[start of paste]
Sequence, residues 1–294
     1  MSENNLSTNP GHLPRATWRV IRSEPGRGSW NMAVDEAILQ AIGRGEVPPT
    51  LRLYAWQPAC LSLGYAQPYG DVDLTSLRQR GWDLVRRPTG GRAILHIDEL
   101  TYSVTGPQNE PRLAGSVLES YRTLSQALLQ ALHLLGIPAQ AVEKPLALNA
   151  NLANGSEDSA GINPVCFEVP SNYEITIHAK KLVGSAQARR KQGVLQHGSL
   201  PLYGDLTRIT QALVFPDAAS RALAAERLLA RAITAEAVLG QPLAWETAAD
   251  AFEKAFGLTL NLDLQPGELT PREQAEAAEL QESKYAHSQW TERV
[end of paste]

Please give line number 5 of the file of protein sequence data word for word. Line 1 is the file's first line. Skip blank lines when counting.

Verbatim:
   151  NLANGSEDSA GINPVCFEVP SNYEITIHAK KLVGSAQARR KQGVLQHGSL